Clark Race: As I am an orthopedic surgeon, most of the requests that I receive are for the evaluation of orthopedic cases. We also receive frequent requests for neurological and neurosurgical consultants. To a lesser extent are requests for emergency room physician services, OB/GYN physicians, and general surgery consultants.
Most of the orthopedic cases involve injuries sustained in motor vehicle accidents in which the plaintiff is alleging multiple injuries that may or may not be compatible with the accident in question. The plaintiff’s bar normally works with medical providers who will often overtreat the patients and recommend surgeries that are not indicated. There is frequent over-treatment of these clients, which generates large medical charges that form the basis of the damages, which are the basis of the litigation. Common issues that need to be opined upon include mechanism of injury, causation of alleged injuries, the relationship of alleged injuries to the accident in question, future medical treatment, and ability to return to work.
Practicing physicians who have experience dealing with traumatic injuries are uniquely qualified to opine on these issues.
In my opinion, the most common injuries which are involved in litigation involve alleged spine injuries. These are often the result of motor vehicle accidents or other traumatic injuries. Other common injuries include shoulder injuries, hip and knee injuries, and alleged neurological injuries as a result of trauma.
TOA: What types of reactions have you seen orthopaedic surgeons had towards orthopaedic surgeons who acted as expert medical witnesses against them?
Clark Race: In my experience, there have been no negative reactions from other orthopedic surgeons or treating physicians regarding testimonies and expert witness. The crucial factor in rendering these opinions is to base them on evidence-based medicine and to provide fair and accurate reports without bias toward the plaintiff or the defendant. If these principles are followed, it is my experience that there is minimal risk to the medical expert providing opinions.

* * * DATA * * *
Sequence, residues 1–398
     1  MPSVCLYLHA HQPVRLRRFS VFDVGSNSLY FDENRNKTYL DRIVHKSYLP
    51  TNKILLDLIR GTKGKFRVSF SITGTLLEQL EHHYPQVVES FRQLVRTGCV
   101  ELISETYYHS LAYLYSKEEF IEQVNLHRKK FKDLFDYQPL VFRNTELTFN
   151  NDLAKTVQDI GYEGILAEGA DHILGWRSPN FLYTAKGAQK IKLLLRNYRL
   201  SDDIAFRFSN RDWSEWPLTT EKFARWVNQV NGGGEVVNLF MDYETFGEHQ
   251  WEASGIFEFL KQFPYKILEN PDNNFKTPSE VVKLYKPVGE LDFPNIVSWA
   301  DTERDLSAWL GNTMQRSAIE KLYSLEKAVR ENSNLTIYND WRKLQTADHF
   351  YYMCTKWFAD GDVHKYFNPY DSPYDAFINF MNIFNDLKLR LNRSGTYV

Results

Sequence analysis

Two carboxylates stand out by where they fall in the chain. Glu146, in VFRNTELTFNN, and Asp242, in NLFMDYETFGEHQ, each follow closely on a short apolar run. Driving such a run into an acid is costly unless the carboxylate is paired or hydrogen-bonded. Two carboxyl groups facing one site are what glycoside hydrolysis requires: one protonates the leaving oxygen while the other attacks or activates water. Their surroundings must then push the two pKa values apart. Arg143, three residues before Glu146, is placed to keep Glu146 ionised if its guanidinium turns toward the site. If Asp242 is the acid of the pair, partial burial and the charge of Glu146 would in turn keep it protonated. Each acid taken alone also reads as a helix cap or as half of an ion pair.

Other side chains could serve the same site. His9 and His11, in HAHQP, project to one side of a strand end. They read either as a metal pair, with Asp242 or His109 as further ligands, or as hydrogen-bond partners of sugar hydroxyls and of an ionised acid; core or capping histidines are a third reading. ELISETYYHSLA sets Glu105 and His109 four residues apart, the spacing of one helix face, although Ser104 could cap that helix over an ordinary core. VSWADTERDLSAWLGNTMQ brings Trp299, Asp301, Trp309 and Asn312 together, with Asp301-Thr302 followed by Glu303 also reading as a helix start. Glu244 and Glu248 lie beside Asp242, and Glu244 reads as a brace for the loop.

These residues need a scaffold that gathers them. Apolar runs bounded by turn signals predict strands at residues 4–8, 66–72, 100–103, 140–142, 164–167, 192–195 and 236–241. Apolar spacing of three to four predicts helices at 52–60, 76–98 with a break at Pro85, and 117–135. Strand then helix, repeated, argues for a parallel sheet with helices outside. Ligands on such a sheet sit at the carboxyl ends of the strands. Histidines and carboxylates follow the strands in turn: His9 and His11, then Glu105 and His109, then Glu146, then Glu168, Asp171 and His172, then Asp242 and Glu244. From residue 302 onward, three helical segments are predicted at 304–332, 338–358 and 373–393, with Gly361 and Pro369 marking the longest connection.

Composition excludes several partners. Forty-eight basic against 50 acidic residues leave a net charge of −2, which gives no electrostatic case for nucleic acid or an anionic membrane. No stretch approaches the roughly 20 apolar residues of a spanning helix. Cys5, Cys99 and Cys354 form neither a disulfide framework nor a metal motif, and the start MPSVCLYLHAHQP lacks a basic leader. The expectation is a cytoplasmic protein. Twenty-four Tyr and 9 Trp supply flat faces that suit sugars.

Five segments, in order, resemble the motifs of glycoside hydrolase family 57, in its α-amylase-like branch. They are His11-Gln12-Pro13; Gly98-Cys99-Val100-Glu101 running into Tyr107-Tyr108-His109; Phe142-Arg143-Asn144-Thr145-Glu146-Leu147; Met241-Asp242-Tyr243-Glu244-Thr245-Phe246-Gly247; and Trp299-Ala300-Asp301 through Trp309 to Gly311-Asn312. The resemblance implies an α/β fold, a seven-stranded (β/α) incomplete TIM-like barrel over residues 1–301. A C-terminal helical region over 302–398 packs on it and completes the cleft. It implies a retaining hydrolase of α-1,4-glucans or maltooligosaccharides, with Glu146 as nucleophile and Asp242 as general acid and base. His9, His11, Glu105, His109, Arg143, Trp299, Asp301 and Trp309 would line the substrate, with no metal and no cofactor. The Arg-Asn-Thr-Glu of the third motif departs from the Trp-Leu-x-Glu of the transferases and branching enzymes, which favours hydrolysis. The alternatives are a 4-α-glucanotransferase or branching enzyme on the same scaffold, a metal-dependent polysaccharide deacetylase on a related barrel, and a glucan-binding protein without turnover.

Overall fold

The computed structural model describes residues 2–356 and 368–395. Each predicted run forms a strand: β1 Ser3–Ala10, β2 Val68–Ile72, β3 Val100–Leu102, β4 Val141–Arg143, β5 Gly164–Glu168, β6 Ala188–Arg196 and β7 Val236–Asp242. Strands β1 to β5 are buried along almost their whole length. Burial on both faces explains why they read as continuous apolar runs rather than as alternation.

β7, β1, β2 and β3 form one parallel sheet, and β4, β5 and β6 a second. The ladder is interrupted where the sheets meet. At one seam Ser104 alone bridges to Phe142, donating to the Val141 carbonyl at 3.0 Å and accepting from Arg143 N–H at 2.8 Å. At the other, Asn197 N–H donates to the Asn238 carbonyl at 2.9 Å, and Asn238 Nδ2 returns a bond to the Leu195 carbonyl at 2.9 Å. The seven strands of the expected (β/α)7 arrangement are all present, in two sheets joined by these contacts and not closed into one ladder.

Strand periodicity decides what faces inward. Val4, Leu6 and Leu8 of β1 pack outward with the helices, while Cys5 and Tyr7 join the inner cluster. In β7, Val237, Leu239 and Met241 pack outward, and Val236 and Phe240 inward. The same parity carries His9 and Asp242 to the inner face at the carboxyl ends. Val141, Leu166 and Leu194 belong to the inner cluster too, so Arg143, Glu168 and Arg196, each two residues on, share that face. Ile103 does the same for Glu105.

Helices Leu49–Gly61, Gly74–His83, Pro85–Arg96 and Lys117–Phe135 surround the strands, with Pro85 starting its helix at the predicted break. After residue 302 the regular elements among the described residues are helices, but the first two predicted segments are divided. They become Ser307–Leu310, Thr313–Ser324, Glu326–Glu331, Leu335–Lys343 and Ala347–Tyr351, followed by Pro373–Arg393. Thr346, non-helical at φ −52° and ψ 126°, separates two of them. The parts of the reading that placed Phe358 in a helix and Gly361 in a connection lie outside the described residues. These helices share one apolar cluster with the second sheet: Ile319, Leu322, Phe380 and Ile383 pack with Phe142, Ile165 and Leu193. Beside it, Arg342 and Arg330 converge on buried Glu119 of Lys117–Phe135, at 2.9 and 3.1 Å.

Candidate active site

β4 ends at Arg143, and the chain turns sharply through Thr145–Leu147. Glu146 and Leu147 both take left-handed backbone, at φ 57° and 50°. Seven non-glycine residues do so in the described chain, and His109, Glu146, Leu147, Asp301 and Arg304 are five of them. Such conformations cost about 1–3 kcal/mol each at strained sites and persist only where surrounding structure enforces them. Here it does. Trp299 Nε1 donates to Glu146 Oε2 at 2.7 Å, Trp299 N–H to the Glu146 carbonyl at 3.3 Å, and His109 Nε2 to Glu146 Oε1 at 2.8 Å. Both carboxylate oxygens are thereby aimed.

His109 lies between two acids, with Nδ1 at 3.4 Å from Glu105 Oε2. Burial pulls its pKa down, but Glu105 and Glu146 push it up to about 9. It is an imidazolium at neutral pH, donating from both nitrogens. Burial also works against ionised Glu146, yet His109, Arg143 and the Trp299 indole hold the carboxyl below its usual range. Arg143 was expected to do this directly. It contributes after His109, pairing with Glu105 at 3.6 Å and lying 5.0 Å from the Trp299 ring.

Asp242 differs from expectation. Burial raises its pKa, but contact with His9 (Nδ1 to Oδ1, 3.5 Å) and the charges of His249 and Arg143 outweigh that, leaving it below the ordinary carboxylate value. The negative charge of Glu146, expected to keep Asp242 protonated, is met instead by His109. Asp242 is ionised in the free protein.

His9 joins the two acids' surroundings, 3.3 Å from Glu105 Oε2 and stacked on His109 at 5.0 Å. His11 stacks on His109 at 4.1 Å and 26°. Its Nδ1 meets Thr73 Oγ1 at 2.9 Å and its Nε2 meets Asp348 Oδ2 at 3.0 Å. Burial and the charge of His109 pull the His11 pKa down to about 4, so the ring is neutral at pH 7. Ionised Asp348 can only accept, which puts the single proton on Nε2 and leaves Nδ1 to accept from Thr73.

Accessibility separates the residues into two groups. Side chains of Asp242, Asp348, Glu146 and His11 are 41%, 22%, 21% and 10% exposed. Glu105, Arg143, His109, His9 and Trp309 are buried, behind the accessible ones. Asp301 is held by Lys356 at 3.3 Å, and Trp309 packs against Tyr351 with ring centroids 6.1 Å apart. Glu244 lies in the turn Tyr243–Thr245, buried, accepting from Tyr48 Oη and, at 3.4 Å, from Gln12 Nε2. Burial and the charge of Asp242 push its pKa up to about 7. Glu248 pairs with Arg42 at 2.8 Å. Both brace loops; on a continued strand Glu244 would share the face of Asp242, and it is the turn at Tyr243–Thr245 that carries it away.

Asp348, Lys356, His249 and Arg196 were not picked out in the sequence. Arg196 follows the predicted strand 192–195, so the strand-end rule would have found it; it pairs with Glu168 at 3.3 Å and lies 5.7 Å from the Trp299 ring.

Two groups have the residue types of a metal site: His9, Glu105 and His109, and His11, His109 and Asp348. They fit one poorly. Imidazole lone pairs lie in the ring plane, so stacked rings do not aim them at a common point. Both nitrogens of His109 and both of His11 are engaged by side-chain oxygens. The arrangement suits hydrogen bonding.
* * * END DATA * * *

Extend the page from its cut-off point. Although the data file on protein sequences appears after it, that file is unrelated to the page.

As long as the testifying medical experts are qualified to opine on the alleged injuries in dispute and they use scientifically based information to form their opinions, there is minimal risk of being disqualified as an expert or being involved in any litigation over one’s opinions.
The American Academy of Orthopedic Surgeons has been supportive of physicians participating in the medical/legal system. These legal matters require expert medical opinions to resolve the issues in question. The Academy has rules of conduct that require participants to give fair and accurate opinions and to base their opinions on scientific evidence.
Being a medical expert witness has a sidebar to my orthopedic practice for several years. I find the work interesting and, in large part, the involved attorneys are intelligent and courteous. They are glad to have expert medical witnesses who are able to present the facts of the case and render cogent opinions regarding the questions at hand. The work has the additional benefit of being able to be done when an individual has extra time. The deadlines for production are usually far into the future, allowing ample time to review records, create reports, etcetera. The reimbursement is quite satisfactory and is an additional method to counteract declining reimbursements for the actual practice of medicine. If a physician is interested in engaging in this type of work, it is helpful to begin by performing Peer Reviews or medical record reviews. Working in the Workers’ Compensation system is also quite useful as that system has many similarities to the civil litigation system. If one becomes adept at this type of work, it has been my experience that interested parties will begin to request an individual’s service to review legal cases and possibly testify as a medical expert witness.
There are multiple educational resources to gain further knowledge and experience in this area. The American Academy of Orthopedic Surgeons’ annual occupational medical meeting is an excellent starting place. There are multiple other companies that are national in scope, which provide ongoing in-person training for performing IMEs, doing record reviews, and participating in expert witness work. These would be highly recommended to anyone considering engaging in this type of work who has not had previous experience.
Learn more about the company at: www.expertwitnessdoctors.com.